After a day in front of a computer, do you have a medical problem?
It's 2:00 p.m. and you have a few more hours until the end of your workday.
Your eyes sting, your vision is getting blurry and your head hurts. The computer screen that you've been staring at for the past six hours seems so bright that you want to shut your eyes.
Sound familiar? We'd bet yes.
Piotr Le, a Georgetown University grad student, thinks so, too. He used to work in consulting — and that meant staring at a computer screen for 12 or more hours every workday.
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"Partially I left because of the physical deterioration of my body," Le says. "A lot of eye rubbing. That's why my prescription got worse. I would wake up with neck pain and back pain."
Depending on whether you consult an optometrist or an ophthalmologist, you might get different answers on what ails you. Is it computer vision syndrome? Is it digital eyestrain? Is it just dry eyes and some eyestrain?
The most common definition is given by the American Optometric Association, which coined computer vision syndrome and digital eyestrain as a group of vision-related problems from viewing digital screens for a long time. The American Academy of Ophthalmology labels it digital-related eyestrain. The group emphasizes that extended reading and writing can also strain the eyes.
Neither computer vision syndrome nor digital eyestrain is an official medical condition. They are more of a collection of symptoms that sometimes include headache, neck and shoulder pain.
"Classification schemes do take time to develop, and so it may not have crept into medical coding," says Dr. Michael X. Repka, a Johns Hopkins ophthalmologist and clinical spokesman for the American Academy of Ophthalmology.
Repka says in the past these symptoms would be lumped under asthenopia, a condition that encompasses eye fatigue, ache around the eyes, blurred vision and headache. Computer vision syndrome, he says, is considered to be under asthenopia in the ICD-10 medical coding system.
"Computer vision syndrome ... is not a recognized medical entity," says James Sheedy, a professor of optometry at Pacific University and head of the Vision Ergonomics Research Laboratory. "A medical diagnosis is a condition where the anatomy or physiology isn't functioning properly. There are several different medical diagnoses that could be the cause of what is commonly called computer vision syndrome. There are different names put on it. Those are really names to create a black box where you put everything into ... but it's really the same thing."
The fact that these symptoms are common is self-evident. Optometrists and ophthalmologists agree that many patients walk into their offices with these complaints. But is there enough evidence to upgrade their diagnostic status?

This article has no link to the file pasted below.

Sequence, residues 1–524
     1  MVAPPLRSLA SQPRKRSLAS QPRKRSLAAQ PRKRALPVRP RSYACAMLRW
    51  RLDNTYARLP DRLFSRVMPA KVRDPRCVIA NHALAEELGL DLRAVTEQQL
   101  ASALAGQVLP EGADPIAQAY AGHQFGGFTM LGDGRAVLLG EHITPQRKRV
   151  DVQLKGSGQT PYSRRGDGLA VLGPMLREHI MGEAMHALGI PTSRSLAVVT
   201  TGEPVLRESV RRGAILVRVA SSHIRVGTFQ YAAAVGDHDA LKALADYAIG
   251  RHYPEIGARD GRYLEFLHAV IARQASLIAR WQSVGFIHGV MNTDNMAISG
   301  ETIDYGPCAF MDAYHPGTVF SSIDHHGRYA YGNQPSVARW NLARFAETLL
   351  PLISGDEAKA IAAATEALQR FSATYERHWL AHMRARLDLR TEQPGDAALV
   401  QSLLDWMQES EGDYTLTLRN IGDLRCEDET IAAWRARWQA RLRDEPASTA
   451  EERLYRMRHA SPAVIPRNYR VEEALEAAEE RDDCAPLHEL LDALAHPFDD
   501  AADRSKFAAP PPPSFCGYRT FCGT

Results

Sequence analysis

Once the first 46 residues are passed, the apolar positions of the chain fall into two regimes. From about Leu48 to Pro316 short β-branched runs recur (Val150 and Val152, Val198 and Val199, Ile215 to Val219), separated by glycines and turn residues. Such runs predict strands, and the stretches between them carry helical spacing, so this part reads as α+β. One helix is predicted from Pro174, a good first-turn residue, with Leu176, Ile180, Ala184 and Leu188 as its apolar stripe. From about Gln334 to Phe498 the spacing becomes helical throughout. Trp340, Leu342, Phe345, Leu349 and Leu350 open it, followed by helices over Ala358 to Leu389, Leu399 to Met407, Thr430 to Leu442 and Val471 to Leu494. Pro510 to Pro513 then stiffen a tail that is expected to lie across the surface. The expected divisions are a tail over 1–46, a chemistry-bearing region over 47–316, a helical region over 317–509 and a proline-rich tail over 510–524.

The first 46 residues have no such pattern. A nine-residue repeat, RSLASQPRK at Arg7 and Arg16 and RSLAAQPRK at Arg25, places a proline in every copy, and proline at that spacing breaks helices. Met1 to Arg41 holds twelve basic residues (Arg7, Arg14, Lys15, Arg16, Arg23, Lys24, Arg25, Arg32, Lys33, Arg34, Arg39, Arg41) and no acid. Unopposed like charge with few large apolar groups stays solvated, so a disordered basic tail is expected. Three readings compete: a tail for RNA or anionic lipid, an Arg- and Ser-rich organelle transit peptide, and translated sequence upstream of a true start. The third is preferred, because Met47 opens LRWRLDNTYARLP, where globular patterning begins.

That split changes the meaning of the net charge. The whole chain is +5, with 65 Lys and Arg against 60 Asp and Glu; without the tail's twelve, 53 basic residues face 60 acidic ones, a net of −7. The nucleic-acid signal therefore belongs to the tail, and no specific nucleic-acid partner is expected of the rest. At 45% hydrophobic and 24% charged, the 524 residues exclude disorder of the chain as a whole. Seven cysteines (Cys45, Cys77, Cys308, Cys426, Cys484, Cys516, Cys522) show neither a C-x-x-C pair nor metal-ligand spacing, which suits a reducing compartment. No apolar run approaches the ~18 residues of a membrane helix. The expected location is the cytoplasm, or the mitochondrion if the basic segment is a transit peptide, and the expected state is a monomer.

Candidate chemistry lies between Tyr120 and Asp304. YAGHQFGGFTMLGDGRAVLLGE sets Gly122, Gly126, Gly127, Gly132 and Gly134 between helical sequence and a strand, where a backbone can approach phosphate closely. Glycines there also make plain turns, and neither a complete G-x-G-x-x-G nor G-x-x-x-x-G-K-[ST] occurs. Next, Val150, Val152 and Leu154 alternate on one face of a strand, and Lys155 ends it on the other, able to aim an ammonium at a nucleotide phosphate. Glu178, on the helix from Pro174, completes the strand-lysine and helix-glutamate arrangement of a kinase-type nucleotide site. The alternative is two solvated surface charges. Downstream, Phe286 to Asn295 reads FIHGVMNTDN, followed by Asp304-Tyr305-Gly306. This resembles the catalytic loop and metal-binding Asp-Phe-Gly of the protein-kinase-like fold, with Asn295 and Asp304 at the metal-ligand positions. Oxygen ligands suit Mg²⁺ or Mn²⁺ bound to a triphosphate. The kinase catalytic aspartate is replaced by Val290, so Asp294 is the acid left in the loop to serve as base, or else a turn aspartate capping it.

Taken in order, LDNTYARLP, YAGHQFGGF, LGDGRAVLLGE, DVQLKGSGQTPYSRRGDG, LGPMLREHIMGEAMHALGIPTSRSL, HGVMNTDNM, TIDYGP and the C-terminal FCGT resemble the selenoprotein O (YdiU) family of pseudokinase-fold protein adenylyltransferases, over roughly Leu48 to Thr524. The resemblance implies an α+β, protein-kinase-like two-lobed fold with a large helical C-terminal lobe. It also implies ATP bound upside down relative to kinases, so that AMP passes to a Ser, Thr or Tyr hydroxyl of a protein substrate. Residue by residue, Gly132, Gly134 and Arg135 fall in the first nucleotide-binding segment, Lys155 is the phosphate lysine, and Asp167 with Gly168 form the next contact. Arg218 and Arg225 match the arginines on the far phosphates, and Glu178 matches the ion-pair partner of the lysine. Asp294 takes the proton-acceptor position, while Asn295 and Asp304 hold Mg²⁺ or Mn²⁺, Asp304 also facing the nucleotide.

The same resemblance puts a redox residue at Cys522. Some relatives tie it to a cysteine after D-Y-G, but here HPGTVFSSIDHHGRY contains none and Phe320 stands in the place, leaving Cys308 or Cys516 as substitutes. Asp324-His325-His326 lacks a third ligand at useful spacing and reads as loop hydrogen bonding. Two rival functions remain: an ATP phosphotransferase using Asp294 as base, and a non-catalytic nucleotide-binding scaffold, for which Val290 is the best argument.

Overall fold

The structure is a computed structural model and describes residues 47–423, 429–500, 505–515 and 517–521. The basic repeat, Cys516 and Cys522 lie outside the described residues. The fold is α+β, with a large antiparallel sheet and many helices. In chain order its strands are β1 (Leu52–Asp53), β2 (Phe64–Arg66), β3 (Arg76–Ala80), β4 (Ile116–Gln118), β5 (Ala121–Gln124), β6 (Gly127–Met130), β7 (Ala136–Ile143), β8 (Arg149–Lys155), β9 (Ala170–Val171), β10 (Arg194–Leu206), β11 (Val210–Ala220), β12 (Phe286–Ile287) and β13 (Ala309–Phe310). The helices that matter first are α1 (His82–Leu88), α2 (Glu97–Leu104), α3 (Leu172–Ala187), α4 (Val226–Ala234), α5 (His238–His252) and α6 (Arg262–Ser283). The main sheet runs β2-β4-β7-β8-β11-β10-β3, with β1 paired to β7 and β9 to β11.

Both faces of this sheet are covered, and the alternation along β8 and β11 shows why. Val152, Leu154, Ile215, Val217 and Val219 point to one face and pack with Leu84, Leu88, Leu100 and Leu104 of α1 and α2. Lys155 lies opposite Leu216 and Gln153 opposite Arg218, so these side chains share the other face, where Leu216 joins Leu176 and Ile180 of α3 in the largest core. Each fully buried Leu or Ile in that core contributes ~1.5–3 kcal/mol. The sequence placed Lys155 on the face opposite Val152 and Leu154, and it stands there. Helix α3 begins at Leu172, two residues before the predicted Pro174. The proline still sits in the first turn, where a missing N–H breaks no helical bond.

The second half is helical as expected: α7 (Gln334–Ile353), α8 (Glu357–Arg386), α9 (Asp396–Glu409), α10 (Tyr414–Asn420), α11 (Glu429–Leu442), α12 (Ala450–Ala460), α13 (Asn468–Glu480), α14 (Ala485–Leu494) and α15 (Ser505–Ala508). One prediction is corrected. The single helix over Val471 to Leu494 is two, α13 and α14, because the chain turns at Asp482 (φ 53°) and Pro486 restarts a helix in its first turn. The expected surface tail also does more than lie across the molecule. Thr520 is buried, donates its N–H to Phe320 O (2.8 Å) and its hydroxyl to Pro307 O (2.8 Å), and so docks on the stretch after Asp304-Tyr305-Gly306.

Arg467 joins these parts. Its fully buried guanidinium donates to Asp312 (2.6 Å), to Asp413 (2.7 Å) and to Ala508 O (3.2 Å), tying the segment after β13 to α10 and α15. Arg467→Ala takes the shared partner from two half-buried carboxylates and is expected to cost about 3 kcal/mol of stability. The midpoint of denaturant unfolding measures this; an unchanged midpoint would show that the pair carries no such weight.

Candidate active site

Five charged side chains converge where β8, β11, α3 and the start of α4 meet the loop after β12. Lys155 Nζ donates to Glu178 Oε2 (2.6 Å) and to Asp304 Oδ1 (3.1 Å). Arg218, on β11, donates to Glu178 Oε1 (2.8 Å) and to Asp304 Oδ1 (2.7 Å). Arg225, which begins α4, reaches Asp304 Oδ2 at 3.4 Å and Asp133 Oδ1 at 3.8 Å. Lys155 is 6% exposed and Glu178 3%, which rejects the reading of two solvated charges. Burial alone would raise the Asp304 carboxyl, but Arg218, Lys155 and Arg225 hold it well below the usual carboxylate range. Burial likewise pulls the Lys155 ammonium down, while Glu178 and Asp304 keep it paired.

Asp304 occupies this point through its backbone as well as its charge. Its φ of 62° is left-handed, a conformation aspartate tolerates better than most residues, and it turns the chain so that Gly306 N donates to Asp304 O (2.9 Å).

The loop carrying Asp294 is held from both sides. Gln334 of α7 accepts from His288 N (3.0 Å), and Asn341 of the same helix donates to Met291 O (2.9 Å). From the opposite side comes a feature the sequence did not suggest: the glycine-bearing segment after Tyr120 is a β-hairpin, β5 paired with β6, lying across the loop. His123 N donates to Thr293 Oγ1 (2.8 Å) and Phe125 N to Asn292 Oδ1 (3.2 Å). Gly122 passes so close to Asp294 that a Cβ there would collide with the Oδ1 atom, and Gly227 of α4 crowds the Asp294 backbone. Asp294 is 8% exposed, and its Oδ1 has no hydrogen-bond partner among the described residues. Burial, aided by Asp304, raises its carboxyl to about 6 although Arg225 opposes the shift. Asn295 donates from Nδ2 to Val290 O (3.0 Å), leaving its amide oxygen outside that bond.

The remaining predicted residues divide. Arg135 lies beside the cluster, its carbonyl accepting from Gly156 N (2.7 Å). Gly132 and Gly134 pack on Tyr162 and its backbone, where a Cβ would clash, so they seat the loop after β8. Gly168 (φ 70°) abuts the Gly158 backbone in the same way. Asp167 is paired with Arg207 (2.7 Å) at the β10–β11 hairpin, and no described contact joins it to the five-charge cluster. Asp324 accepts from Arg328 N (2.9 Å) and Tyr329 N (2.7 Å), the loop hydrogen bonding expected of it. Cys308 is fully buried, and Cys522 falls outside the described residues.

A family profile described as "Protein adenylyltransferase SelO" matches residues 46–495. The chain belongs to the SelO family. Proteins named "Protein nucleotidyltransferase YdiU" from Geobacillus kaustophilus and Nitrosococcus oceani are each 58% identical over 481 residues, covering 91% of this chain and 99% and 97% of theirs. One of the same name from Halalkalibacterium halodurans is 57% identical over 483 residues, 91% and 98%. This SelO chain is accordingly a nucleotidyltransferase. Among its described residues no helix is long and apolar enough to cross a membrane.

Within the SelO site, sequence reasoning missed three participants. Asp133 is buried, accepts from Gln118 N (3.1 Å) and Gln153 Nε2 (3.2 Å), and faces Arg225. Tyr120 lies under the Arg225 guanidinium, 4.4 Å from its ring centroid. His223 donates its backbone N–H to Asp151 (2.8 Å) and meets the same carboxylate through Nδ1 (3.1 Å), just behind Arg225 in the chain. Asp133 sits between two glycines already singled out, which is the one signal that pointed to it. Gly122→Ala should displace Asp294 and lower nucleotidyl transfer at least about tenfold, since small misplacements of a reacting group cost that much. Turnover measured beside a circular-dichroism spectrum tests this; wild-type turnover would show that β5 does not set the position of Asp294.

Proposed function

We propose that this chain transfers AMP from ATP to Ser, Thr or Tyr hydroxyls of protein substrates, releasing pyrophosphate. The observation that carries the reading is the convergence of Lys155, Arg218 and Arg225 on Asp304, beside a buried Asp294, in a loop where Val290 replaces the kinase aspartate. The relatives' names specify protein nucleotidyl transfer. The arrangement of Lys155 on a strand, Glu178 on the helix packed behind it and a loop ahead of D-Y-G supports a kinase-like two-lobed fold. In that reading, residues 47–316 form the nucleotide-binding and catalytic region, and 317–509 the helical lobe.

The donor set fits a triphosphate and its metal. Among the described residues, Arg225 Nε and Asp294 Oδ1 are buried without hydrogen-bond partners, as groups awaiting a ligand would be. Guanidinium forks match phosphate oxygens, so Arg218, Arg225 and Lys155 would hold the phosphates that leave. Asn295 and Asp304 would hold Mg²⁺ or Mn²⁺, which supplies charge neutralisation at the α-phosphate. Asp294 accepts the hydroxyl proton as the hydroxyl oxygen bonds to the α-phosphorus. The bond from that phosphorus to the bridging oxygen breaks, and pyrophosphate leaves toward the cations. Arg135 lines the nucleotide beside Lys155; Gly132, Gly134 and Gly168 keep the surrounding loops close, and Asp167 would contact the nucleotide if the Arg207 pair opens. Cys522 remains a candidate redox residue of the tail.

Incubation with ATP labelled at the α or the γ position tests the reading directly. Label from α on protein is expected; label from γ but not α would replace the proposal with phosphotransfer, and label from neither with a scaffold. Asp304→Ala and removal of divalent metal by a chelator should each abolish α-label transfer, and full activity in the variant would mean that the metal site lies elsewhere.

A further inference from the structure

"I think research is coming out now that this really is a different condition," says Mark Rosenfield, a professor at SUNY College of Optometry. "There is something about these screens that is different from paper and so we're trying to figure out what aspects of screens is it that is causing problems. People didn't look at paper for that length of time [that] people are looking at screens, so I think that could be a factor too — the fact that people are looking at these things for such long periods of time."
So why do our digital screens cause us so much trouble?
"We're not really designed to do full-time near work; we're designed to do part-time near work, and so to the extent that we have to do so much near work our eyes are in tension virtually all the time," says Steve Loomis, president of the American Optometric Association. "The average worker spends seven hours a day on some digital device. ... I'm among them and so what we know is that that means that the muscles in the eye are in a state of tension."
In a review of studies for the journal Ophthalmic & Physiological Optics, Rosenfield found that we have more incomplete blinks during computer operations, which reduces the volume of tears in our eyes. Too few tears causes irritation and a burning sensation in the eyes. A more recent review of the syndrome in IOS Press lists other factors: glare from windows, overhead lights and the computer. Also, the particulars of how your computer or digital devices are arranged, including the height and viewing distance of the device from our eyes. We also tend to hold hand-held devices closer to our eyes than we should.
"The eyes work best we know by looking down about 15 degrees in most desktop computer situations. This means that the top of the computer screen displays should be level with the eyes," Sheedy says. "If it's higher or lower than that the person tends to tilt the head back or forward and now they have an imbalance and this creates muscular tension and it can give them a neck ache."
The evidence doesn't suggest these symptoms are permanent. They can be alleviated by changing our workplace habits. Anti-glare screen filters and eyedrops may help some. Optometrists say that some people who use reading glasses may benefit from trying glasses with a different focal length for computer work.
One of the most commonly cited — and cheapest — things to do is just to give your eyes a rest. Follow the 20-20-20 rule: Every 20 minutes, look at something at least 20 feet away for 20 seconds.
Grad student Le now stares at his computer only four to six hours a day. He says he still gets occasional neck pain from looking down at his laptop. And the white backgrounds of PDFs and Word documents still bother his eyes some. He's also trying software to make the tone of his screen warmer.
But his go-to move is taking a break. "I close my eyes and look at the skyline," he says, "or something that is not bright." Copyright 2019 NPR. To see more, visit https://www.npr.org.